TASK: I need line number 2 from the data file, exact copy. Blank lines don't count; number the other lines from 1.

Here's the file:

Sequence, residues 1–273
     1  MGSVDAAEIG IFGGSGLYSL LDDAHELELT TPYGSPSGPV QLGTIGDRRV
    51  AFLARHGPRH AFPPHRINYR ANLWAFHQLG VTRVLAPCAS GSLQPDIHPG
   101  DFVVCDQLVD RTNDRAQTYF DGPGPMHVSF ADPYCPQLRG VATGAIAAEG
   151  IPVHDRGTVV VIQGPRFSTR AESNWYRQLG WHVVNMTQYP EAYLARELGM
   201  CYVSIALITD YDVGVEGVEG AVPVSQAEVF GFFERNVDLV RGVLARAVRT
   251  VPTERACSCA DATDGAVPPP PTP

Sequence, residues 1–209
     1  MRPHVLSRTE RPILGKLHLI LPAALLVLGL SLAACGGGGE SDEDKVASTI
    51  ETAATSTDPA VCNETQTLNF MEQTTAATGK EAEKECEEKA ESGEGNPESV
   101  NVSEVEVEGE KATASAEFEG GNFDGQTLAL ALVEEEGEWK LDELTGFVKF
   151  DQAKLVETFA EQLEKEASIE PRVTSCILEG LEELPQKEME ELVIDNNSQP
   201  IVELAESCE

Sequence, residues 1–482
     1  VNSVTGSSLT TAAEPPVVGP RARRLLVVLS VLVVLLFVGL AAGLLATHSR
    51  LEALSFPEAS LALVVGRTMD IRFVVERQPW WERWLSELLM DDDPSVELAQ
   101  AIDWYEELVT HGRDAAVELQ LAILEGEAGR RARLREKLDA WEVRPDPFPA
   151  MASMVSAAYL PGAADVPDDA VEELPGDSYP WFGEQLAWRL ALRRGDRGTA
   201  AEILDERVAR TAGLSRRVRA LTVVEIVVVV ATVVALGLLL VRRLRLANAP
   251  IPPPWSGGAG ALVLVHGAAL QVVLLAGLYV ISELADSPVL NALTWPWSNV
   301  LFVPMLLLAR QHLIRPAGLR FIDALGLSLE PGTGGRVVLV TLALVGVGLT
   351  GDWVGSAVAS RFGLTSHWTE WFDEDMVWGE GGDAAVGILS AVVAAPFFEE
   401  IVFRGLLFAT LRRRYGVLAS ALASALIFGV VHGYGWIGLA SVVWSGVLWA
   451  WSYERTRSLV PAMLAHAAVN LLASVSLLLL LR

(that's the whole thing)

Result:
     1  MGSVDAAEIG IFGGSGLYSL LDDAHELELT TPYGSPSGPV QLGTIGDRRV